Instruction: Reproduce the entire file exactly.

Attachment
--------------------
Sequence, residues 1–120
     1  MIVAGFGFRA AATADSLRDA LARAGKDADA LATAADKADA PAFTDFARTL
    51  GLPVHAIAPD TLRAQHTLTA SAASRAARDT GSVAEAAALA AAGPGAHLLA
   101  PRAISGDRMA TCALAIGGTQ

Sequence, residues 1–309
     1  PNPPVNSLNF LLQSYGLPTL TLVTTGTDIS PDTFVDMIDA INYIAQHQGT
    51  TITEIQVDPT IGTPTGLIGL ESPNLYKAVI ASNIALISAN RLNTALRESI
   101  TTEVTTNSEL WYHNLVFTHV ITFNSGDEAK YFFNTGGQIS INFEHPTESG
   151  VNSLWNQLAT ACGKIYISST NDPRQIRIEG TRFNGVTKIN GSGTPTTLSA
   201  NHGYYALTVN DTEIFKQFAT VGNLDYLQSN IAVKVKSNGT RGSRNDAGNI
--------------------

Sequence, residues 1–120
     1  MIVAGFGFRA AATADSLRDA LARAGKDADA LATAADKADA PAFTDFARTL
    51  GLPVHAIAPD TLRAQHTLTA SAASRAARDT GSVAEAAALA AAGPGAHLLA
   101  PRAISGDRMA TCALAIGGTQ

Sequence, residues 1–309
     1  PNPPVNSLNF LLQSYGLPTL TLVTTGTDIS PDTFVDMIDA INYIAQHQGT
    51  TITEIQVDPT IGTPTGLIGL ESPNLYKAVI ASNIALISAN RLNTALRESI
   101  TTEVTTNSEL WYHNLVFTHV ITFNSGDEAK YFFNTGGQIS INFEHPTESG
   151  VNSLWNQLAT ACGKIYISST NDPRQIRIEG TRFNGVTKIN GSGTPTTLSA
   201  NHGYYALTVN DTEIFKQFAT VGNLDYLQSN IAVKVKSNGT RGSRNDAGNI